With Thanksgiving arriving everyone prior to 1950 was busy getting ready for winter. Livestock is slaughtered, firewood and coal is stored, the final crops are harvested, the windows on the house are chinked with newspapers to stop the draft. Since cellars and thusly root cellars are rare on Delmarva due to the high water level, a variety of root vegetables for the family winter use and for livestock feed were stored outside in kilns (clamps, tumps, etc the name widely varied). Vegetables such as apples, white potatoes (sweet potatoes were always stored in heated potato houses), celery, turnips, carrots, beets, and cabbages would be stored in these kilns. Some farmers would have several kilns because different vegetables (cabbages, apple, celery) would not be stored together due to the ethylene gas they produce, smell or moisture.
The construction of the kiln and the placement of the vegetables in the kiln was highly personal based on the family creating it. Each family felt their way was best. The basic kiln however was a clear spot of land that straw or pine shats were put down in a layer, then a layer of vegetable placed on that, followed by another layer of straw, followed by more vegetables until a cone shape pile was created. The pile would then be coved in straw, pine shats and/ or fodder plus an outside layer of dirt. The center of the pile would just be straw or cover by a slab of rock or tarp to allow for ventilation of the pile.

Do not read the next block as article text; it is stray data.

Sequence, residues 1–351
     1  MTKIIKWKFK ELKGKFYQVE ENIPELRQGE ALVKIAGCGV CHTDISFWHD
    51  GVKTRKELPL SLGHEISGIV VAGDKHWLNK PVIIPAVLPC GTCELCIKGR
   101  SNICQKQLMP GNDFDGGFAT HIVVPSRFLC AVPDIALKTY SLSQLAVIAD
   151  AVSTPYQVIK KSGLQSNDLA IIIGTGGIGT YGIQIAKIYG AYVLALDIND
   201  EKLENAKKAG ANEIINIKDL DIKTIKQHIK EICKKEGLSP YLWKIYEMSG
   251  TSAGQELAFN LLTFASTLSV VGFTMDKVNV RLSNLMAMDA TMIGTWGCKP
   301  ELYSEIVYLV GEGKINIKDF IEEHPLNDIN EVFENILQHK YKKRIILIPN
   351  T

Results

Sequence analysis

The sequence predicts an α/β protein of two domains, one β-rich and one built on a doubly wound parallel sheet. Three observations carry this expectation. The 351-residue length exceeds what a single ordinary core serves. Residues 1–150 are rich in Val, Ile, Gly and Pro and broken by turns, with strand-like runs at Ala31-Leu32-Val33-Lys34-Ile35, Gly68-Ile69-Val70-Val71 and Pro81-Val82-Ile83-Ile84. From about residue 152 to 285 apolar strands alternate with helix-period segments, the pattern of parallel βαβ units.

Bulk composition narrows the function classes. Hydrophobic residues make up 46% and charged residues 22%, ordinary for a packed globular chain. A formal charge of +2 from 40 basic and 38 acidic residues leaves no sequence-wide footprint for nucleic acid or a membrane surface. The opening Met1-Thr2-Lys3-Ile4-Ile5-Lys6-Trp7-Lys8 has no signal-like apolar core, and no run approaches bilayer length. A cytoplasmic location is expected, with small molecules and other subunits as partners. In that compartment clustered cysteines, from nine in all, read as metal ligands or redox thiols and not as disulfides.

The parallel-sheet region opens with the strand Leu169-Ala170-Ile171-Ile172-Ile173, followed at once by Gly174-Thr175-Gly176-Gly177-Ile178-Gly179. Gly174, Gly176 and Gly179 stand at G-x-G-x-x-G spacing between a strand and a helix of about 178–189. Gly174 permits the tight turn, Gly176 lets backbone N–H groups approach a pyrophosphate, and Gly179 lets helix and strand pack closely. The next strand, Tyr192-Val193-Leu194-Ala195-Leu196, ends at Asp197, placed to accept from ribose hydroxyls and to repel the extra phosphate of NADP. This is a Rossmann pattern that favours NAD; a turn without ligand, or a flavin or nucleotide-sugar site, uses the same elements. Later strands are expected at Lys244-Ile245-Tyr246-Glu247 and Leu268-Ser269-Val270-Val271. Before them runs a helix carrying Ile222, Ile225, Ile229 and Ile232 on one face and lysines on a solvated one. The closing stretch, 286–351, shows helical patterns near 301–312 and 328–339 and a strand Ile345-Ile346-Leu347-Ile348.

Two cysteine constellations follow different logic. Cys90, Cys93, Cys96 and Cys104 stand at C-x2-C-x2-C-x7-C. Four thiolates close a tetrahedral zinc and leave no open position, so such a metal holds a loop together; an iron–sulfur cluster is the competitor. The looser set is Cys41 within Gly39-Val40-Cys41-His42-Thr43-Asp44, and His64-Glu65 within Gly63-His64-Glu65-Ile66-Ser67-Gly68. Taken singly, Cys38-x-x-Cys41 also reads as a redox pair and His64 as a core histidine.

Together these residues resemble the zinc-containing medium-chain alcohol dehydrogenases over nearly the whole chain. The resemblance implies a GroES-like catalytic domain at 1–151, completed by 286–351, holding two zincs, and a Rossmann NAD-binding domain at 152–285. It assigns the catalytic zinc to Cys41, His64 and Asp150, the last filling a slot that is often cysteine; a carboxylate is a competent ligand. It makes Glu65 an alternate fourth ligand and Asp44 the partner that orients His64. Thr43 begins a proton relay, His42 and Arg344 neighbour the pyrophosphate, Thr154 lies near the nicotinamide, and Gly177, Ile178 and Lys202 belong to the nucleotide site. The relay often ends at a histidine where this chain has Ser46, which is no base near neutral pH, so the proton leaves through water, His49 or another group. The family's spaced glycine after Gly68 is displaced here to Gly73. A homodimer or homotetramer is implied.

Bob Jones facebook page Worcester County History had a writeup by Estel Holland on making a kiln, again different from my description but as i said every family did it different.
Storage in the earth: Another thing Daddy used to do in the early fall was build a kiln."" This was done by digging a hole in the ground, approximately four by four feet, maybe 18 to 20 inches deep — not too deep because water could spring in. The pit would be lined with old boards or old tin, tin being best because that would help keep the rodents out. After this was done, you would line the kiln really well with pine shats. After this was done, you would store your cabbage, turnips, and potatoes — usually red skins for they kept better. Cover the top with more boards, leaving a opening in the side for a small door so you could reach in and take out your vegetables as needed. You would pile dirt on your kiln, approximately 1 to 2 feet deep, surrounding all of it except for your little door. This would keep your vegetables from freezing in the winter. You would usually build your kiln near the house so if the weather turned bad with snow, ice, or extreme cold — you never had to walk too far. Other parts of the country have more elaborate systems than this, and are often called root cellars. We kept sweet potatoes, sometimes apples, in a vacant room upstairs near the chimney.